• The third and subsequent shells can hold more, but for most elements in the first few rows of the periodic table, the focus remains on the first and second shells.


      Electrons in each shell are drawn in pairs to represent that each orbital (see Schrödinger's model) contains up to two electrons.


      The following diagram shows the electron configuration of three noble gases: helium, neon and argon.

      • Electron configuration of helium = 2 (fully occupied first shell)
      • Electron configuration of neon = 2, 8 (fully occupied second shell)
      • Electron configuration of argon = 2, 8, 8


      Electron configuration of noble gases


      The number of electrons that can be accommodated in any shell of an atom can be determined using the formula `2n^2`, where `n` is the principal quantum number corresponding to the shell's number.

      • For the third shell (`n = 3`): maximum number of electrons 
      • For the fourth shell (`n = 4`): maximum number of electrons 

      It's important to note, however, that in actual atoms, especially those with lower atomic numbers, the electron configuration may not fully "fill up" these outer shells due to the distribution of electrons across different sub-shells (s, p, d, f orbitals) and the effects of electron-electron interactions that are not accounted for in the simpler models like Bohr's. The concept of orbitals is discussed separately in Schrödinger's model of the atom.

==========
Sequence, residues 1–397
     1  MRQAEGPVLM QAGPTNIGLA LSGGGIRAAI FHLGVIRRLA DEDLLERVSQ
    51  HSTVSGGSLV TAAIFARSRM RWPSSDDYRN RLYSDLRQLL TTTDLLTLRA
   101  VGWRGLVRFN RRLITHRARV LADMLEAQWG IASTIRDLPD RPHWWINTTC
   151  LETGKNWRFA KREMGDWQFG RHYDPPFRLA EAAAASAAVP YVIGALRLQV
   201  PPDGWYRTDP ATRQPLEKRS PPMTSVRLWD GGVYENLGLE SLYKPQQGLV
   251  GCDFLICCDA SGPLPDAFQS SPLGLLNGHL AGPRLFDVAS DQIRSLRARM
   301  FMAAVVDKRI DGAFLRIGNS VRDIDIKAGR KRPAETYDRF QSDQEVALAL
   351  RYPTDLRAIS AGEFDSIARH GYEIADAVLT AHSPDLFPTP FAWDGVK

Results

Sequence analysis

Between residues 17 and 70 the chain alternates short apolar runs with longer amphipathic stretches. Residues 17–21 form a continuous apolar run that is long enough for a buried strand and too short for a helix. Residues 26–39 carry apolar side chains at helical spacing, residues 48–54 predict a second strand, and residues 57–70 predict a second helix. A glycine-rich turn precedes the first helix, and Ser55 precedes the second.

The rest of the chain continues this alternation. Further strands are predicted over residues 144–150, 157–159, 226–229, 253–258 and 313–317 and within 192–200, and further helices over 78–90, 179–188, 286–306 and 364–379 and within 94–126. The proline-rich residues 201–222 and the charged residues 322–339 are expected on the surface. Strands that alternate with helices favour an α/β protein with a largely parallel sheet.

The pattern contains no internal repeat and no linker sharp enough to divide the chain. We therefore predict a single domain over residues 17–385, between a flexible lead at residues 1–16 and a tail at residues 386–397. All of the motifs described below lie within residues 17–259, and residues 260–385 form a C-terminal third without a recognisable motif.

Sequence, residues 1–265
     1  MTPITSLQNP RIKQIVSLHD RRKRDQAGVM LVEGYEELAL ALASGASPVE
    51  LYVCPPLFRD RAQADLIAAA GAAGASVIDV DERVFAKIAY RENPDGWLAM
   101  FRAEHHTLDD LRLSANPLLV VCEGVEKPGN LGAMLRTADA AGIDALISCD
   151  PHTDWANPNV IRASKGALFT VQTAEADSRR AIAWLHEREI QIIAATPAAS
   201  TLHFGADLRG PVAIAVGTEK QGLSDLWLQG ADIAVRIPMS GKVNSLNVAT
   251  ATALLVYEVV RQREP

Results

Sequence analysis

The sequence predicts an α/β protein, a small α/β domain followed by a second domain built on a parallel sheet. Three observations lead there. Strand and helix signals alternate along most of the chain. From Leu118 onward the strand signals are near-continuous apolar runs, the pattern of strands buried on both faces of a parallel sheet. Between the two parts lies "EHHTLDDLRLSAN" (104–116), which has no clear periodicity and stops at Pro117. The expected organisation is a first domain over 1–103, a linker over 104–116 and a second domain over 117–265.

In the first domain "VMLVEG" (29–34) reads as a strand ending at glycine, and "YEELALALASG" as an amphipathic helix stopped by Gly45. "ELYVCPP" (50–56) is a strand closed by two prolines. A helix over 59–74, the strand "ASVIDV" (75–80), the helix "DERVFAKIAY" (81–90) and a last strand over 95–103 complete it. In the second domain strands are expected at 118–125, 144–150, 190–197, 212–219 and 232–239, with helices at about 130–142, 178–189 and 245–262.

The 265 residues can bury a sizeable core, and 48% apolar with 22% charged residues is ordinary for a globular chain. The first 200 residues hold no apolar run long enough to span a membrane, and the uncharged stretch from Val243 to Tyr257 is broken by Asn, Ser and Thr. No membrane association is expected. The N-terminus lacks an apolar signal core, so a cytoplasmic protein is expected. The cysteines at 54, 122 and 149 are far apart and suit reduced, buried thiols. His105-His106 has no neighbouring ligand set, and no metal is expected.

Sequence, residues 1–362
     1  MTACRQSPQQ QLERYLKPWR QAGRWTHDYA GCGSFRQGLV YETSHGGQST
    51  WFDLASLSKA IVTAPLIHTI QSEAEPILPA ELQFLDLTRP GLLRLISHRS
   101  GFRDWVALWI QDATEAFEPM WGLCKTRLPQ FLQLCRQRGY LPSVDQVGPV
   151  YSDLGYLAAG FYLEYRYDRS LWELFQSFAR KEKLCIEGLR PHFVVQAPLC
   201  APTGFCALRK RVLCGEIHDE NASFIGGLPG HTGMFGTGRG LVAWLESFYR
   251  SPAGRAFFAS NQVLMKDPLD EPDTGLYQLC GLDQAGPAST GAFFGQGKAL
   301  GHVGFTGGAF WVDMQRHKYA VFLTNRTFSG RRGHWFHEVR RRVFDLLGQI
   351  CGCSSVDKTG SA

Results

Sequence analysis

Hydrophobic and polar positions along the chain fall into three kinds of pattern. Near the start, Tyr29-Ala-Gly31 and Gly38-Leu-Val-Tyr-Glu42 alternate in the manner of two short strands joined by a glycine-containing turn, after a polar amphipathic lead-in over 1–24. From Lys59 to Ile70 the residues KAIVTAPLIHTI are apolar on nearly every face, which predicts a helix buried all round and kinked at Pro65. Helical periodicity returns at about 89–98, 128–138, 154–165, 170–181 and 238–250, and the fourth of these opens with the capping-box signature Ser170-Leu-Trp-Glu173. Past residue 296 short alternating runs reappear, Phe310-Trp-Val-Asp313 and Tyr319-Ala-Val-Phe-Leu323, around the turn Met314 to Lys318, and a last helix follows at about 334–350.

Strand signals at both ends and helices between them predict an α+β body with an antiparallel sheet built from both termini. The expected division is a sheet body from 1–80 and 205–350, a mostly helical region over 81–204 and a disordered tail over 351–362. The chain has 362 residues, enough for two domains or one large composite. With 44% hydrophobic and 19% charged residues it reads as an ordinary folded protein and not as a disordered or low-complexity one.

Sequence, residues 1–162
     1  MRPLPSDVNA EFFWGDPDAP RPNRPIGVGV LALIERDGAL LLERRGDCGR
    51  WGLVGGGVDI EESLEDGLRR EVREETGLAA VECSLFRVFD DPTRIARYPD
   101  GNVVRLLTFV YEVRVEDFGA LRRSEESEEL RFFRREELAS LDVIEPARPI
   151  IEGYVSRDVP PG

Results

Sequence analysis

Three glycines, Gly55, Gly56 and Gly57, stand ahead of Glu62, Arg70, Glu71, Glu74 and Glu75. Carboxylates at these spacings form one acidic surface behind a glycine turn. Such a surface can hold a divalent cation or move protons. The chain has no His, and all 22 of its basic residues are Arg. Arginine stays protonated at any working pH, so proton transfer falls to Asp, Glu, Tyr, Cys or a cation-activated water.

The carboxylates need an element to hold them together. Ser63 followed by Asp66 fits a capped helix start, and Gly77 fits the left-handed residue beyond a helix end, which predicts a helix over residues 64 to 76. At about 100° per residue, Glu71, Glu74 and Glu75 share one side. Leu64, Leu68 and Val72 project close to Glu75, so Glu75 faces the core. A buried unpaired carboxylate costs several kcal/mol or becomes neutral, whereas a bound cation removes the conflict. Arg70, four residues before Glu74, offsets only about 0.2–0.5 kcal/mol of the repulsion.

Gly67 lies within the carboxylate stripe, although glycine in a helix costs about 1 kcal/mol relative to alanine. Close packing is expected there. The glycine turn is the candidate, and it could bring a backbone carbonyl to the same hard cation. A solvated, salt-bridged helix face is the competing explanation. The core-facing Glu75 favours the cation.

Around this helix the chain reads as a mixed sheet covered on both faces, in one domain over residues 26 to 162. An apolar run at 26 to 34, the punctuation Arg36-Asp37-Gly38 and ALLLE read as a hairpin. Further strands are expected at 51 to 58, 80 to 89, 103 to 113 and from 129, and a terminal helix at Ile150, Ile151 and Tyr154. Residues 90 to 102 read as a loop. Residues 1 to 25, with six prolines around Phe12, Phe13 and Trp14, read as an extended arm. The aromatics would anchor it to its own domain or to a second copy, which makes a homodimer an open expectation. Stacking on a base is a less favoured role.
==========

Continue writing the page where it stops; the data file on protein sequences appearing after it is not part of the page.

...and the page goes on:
Valence Shells and Valence Electrons 

      The way electrons are configured in an atom's shells significantly influences the atom's chemical behaviour and properties. Electrons in the outermost shell (valence shell), known as valence electrons, play a crucial role in chemical bonding and reactions. Atoms tend to gain, lose, or share electrons to achieve a full outer shell, leading to the formation of ions or molecules.

      For example, atoms of sodium and chlorine have 1 and 7 valence electrons respectively.

      • The electron configuration of sodium atom is 2, 8, 1
      • The electron configuration of chlorine atom is 2, 8, 7



      The arrangement of elements in the periodic table reflects their electron configuration. Elements in the same group (column) have similar valence electron arrangements, giving them similar chemical properties.

      Octet Rule

      The octet rule is a fundamental concept in chemistry that refers to the tendency of atoms to have eight electrons in their valence (outermost) shell to achieve a stable electronic arrangement. This rule is based on the observation that atoms of most elements interact in such a way that they can achieve a valence shell with eight electrons, similar to the electron configuration of noble gases, which are inherently stable due to their complete valence shells.